INDIA, July 26, 2016 (LifeSiteNews) – The Indian Supreme Court has permitted a woman bearing a baby with abnormalities who allegedly was raped to have an abortion well after the 20 week-legal limit on the grounds that her life and health were “gravely endanger(ed)” by a continued pregnancy.
Though hailed by Indian feminists and sexual libertines as potentially a “landmark decision,” pro-life advocates see it as a cause celebre ahead of a legislative push to eliminate the post-20-week ban on abortions in the country.
“We don’t know who is behind this,” Carmel Pius-Franco of Indians for Life told LifeSiteNews. “But I feel very strongly they are working very strongly at lifting the ban on abortion.”
The DailyO website argued that the decision was too long in coming. “The 20-week restraint put a number of women in a spot in India, especially adolescents and poor rape victims who have very little access to health benefits and medical literature/amenities that the government is bound to provide. … It's time we caught up and put our right to body and sexual health first.”
The anonymous plaintiff petitioned the court on the grounds the 20-week restriction violated her constitutional rights to her own body and also that she had been raped and her baby had abnormalities. But the court, while taking note of the constitutional argument, decided on the basis of evidence presented by a hospital medical board that “the continuance of pregnancy would gravely endanger the physical and mental health of the mother.” India’s abortion law —the Medical Termination of Pregnancy Act, 1971 — actually puts it more strongly, allowing abortions after 20 weeks only if “the termination of such pregnancy is immediately necessary to save the life of the pregnant woman.”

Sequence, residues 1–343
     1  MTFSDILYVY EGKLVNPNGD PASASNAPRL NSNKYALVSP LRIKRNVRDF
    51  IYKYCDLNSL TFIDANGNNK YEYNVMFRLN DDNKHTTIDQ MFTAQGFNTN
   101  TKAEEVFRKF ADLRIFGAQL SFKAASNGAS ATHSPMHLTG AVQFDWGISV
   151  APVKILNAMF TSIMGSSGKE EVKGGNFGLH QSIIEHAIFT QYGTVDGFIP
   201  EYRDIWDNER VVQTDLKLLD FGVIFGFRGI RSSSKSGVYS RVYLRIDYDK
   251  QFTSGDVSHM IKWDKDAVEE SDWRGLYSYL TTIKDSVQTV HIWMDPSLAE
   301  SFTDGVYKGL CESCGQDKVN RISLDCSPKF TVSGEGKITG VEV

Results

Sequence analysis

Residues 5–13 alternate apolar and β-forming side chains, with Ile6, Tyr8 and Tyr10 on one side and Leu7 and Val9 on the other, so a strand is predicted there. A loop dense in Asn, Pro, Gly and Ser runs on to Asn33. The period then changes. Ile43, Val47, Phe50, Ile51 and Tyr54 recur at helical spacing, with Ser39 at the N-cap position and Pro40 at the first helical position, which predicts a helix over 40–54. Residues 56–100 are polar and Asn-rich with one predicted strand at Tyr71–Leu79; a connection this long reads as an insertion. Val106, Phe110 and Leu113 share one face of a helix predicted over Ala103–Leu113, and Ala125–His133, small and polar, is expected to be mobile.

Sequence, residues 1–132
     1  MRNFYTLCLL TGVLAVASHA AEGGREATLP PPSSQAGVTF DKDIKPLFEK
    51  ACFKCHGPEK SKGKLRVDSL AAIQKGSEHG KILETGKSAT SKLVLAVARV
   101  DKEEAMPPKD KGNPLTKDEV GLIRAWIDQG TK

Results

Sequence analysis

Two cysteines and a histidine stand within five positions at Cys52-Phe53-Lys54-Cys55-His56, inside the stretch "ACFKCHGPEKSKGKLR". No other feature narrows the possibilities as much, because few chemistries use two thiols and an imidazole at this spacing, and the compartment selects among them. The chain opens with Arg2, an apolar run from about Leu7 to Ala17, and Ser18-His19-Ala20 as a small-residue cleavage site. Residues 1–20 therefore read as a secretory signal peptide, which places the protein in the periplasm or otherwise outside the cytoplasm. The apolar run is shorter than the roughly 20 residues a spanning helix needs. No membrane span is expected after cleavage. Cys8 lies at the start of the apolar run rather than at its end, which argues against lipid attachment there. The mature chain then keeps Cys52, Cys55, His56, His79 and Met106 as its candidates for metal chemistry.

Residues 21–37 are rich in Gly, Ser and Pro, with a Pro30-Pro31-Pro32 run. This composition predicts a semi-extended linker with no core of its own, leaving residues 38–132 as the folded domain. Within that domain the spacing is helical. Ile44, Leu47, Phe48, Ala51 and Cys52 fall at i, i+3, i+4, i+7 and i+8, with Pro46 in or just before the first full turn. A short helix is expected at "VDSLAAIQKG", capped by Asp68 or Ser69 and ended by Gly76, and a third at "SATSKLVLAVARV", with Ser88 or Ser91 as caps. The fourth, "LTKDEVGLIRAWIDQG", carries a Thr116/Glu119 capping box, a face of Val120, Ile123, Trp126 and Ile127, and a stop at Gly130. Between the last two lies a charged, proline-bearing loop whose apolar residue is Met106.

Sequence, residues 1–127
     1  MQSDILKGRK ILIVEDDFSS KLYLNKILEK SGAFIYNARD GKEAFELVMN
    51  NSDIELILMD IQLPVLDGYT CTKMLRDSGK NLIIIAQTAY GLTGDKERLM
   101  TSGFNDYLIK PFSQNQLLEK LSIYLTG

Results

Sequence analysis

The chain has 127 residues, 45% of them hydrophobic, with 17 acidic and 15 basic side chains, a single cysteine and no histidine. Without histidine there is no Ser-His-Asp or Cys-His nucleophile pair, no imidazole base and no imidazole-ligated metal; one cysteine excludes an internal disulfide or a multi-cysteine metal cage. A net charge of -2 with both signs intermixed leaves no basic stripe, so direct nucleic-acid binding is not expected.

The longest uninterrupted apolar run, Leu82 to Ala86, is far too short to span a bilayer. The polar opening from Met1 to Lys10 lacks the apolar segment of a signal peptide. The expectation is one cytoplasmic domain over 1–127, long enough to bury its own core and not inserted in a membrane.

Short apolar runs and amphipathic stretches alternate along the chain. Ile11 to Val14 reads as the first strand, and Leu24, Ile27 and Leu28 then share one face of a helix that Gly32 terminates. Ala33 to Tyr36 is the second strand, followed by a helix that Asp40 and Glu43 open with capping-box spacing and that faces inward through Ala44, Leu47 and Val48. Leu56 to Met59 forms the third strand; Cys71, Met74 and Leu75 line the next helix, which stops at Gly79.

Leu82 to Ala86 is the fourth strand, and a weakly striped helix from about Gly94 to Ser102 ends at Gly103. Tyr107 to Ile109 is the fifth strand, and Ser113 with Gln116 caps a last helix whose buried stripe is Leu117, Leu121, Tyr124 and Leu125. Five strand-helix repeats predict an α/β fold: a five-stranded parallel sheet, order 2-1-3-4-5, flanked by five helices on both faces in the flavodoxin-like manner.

But given the opinion of the hospital board, the case did not need to be in the Supreme Court at all. What is more, Pius-Franco wonders, “Why did she wait till the baby was 24 weeks old to apply for the abortion? Why not at 18 weeks? Or 15 weeks?” if indeed the pregnancy was the result of a rape by her boyfriend. Pius-Franco believes the answer to both questions is that the plaintiff was working with those seeking to overthrow India’s abortion law.
“The majority of Indians are pro-life,” Pius-Franco said. “When there was an attempt in 2013 to throw out the law, it never got anywhere.”
But news coverage of this case, she says, was definitely biased in favor of abortion. “They played the woman as a victim. The medical condition of the child (anencephaly) got no mention. They want to present abortion as a solution to problems. But if this child was going to die anyway at birth or within three years, why not accept the child with love?”
Pius-Franco said she feared a change of the law would usher in another push by Planned Parenthood in India to suppress its population, even though the birth rates for 15 out of India’s 32 states are already below replacement level.